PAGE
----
Tuesday, June 30, 2009

Maintenance is a head game

I had that as my Facebook status on Sunday. Because it's true.

As usual, I've done great on the diet portion of my journey. I actually love to diet. You get all this positive feedback and it's not that hard if you are a "systems" person like me. Most diet programs have a system and I just plug myself into it. If it's Weight Watchers, I count points. If it's Jenny Craig, I eat one from column A and one from column B and do exchanges on the non-Jenny food days.

For weight loss surgery, my program had guidelines. Granted they were more open-ended than most diet programs. But I was able to fashion them into a system and come up with some routines that worked well for me.

Then came maintenance. And my systems all fell apart.

Some of this was due to schedule changes so it might have happened anyway. But part of it is that, somehow, maintenance is different.

For one thing, the goal is to eat as many calories as you expend, not as little as you can get away with. So you can't eat by rote. You have to actually listen to your body and trust that it's not lying to you. If you are hungrier one day, that usually means you need more fuel. It's a message not a trick. But it still feels like a trick. My body has been lying to me for so long that I can't just suddenly start trusting it.

Then, there is the whole weight thing. When you are going down, an occasional tick up is usually not a big deal since you are almost always down for the week. But on maintenance you go up and down constantly and it's nerve-wracking. I know from past experience that I will fluctuate about three pounds when I get to a steady state, but every time I go up one, I freak out -- even though over all I'm still losing a bit here and there.

I was even in a bad mood on Monday because I was at 116 when I had been at 115 earlier in the week. So even though I was still down a pound over all for the week, I was unhappy. I tell other people not to get suck into tying your feelings to scale, but then I fell right into that trap. I may have to hide my scale again like I did early out when it was driving me insane.

The other problem I am having is making myself eat things that are perfectly reasonable but have been on my list of "avoid" foods while trying to lose. I haven't had a bagel since surgery. We have whole wheat mini-bagels and I could have one and completely stay in within my nutritional guidelines, yet I just can't make myself. Even though I don't believe in "good" and "bad" food, I can't get over the idea that bagels, even whole grain ones, should be avoided at all costs.

Now, it's not all bad. I have been experimenting with different snacks and eating schedules and amounts. When I was losing, I would have a protein shake every morning with 3 scoops of powder instead of two. I've tried not having a shake on some days and having it with 2 scoops on others. So far, 2 scoops has worked the best. I can still meet my protein goals that way, but I don't overshoot my calorie allotment. It gives me more wiggle room to eat real food so I start playing with that.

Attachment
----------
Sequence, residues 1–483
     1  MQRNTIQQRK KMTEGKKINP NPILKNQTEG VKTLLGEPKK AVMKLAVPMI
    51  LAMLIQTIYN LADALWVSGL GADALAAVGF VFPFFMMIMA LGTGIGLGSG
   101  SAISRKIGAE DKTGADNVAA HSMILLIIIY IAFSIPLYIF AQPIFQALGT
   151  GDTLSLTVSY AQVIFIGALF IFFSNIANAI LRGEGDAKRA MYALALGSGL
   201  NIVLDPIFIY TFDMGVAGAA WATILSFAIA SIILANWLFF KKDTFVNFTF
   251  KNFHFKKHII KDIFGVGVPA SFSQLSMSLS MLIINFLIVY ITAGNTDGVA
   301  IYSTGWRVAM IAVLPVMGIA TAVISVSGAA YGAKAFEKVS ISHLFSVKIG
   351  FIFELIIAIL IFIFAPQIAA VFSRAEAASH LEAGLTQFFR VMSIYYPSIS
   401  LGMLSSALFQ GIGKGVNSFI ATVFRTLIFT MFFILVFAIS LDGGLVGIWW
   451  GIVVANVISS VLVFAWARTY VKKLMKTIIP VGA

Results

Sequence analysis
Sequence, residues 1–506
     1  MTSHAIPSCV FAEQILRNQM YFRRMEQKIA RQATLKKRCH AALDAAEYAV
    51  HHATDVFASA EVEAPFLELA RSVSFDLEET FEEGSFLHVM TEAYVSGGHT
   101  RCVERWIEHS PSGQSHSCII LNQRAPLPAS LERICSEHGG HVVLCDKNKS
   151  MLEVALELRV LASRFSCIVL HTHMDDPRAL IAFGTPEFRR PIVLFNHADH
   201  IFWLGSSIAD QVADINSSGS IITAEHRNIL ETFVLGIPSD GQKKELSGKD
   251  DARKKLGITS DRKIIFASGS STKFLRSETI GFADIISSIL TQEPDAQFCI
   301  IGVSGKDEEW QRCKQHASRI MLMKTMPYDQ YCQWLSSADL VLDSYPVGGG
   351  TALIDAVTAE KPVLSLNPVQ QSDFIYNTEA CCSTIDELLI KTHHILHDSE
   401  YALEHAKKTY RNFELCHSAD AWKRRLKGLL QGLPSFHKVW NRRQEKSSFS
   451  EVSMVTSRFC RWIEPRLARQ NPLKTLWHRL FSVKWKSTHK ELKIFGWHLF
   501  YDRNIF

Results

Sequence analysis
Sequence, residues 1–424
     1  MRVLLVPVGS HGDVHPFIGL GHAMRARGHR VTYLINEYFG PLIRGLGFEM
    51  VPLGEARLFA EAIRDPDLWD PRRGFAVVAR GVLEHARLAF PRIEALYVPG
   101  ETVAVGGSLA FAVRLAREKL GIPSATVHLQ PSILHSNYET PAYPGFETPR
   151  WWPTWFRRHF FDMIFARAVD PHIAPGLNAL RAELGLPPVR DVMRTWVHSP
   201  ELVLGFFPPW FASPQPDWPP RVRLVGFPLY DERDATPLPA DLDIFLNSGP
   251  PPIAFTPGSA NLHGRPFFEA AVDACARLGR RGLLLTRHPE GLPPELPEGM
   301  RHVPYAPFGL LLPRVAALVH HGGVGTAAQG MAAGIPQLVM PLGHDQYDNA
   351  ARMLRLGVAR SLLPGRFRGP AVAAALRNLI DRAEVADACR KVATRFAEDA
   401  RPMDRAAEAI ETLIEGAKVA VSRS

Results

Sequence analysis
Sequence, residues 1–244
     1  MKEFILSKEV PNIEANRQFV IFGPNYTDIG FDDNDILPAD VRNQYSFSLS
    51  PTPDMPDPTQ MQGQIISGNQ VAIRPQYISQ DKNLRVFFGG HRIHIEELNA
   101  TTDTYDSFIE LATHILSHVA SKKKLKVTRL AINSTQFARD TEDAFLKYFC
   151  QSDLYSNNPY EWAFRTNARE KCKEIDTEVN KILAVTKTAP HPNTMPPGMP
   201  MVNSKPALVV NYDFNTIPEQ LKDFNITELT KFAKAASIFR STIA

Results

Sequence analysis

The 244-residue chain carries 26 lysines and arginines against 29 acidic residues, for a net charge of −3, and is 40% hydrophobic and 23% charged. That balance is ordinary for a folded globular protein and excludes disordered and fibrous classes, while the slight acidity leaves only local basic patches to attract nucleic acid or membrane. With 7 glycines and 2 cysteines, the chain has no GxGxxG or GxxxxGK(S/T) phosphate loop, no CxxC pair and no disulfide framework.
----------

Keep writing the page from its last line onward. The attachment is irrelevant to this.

I've been eating more fruit and more healthy fats too. I'm allowing myself more occasional indulgences, but I'm not going overboard either.

I have to admit that a few weeks ago, I was going overboard. The exercise was saving me, but I still felt out of control with my eating even though my numbers looked good. Then I figured out that having more acid was mimicking hunger and I started to drink more more fluids with flavoring (which seems to help that) and taking a Zantac when I got heartburn instead of ignoring it. That all helped a lot and I think my acid situation will stabilize within the month as Dr. C predicted. (I was doubtful about that at one point and envisioned an future of daily Prilosec.)

I'm doing better with the fueling vs. eating plan too. I have been having fun trying different sorts of fuels. I even made my own protein balls and bars. The recipes I have are not very good, but it's given me some ideas. I'm trying different sports drinks and working on my "special mix" too. I've also found some "real food" sports foods like bananas so I'm not eating so much engineered stuff.

So I often eat a banana before a workout, do gels and/or sports drinks during and then top it off with a protein bar of some sort at the end. This combo tends to come out to the right amount of calories and to have the right mix of convenience vs. natural food. I did try some trail mix in place of the gels but it didn't work out too well for a number of reasons. I may try it again for long bike rides though. I also brought some cheese sticks on my last long ride and that worked well too when the gels were just not enough.

My protein muffin recipe continues to evolve and was a big hit at a potluck my tri club held. They actually are an excellent post-workout snack since they have the exact right carb to protein ratio for recovery. My new recipe has a minimum of artificial ingredients and are much more convenient and tastier than a protein bar. They don't melt in the sun for one thing!

I'm also thinking of buying some bulk maltodextrin and some unflavored 100% whey protein isolate and making my own sports drinks. Then I can control the sodium in them and also the taste without having to mix and match from existing drink mixes.

So I will continue to experiment and work on listening to my hunger and full signs. I hope to develop a good balance between healthy habits and mindful eating. Because, let's face it, a lot of eating is routine even if it's important to also be mindful. Hopefully, I'll also get my head together. I feel a lot better today, though I suspect that's because the scale was back down to 115. But writing this out helped too. It's good to remind myself that I am actually making progress and that there are fun aspects to this part of the journey.
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